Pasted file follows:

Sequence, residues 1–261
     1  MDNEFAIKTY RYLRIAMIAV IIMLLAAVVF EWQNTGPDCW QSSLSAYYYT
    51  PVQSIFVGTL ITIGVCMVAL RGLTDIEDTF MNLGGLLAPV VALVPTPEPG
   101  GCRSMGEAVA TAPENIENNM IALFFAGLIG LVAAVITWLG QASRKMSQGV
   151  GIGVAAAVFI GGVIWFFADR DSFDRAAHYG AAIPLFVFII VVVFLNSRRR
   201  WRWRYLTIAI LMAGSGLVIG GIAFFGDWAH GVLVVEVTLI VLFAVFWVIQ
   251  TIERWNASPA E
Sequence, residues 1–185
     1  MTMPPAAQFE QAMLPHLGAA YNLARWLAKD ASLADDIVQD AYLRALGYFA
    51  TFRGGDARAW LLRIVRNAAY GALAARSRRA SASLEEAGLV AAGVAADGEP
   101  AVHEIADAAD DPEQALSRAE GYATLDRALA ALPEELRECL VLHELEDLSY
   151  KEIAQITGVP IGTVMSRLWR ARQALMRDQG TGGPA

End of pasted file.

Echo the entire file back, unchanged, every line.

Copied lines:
Sequence, residues 1–261
     1  MDNEFAIKTY RYLRIAMIAV IIMLLAAVVF EWQNTGPDCW QSSLSAYYYT
    51  PVQSIFVGTL ITIGVCMVAL RGLTDIEDTF MNLGGLLAPV VALVPTPEPG
   101  GCRSMGEAVA TAPENIENNM IALFFAGLIG LVAAVITWLG QASRKMSQGV
   151  GIGVAAAVFI GGVIWFFADR DSFDRAAHYG AAIPLFVFII VVVFLNSRRR
   201  WRWRYLTIAI LMAGSGLVIG GIAFFGDWAH GVLVVEVTLI VLFAVFWVIQ
   251  TIERWNASPA E
Sequence, residues 1–185
     1  MTMPPAAQFE QAMLPHLGAA YNLARWLAKD ASLADDIVQD AYLRALGYFA
    51  TFRGGDARAW LLRIVRNAAY GALAARSRRA SASLEEAGLV AAGVAADGEP
   101  AVHEIADAAD DPEQALSRAE GYATLDRALA ALPEELRECL VLHELEDLSY
   151  KEIAQITGVP IGTVMSRLWR ARQALMRDQG TGGPA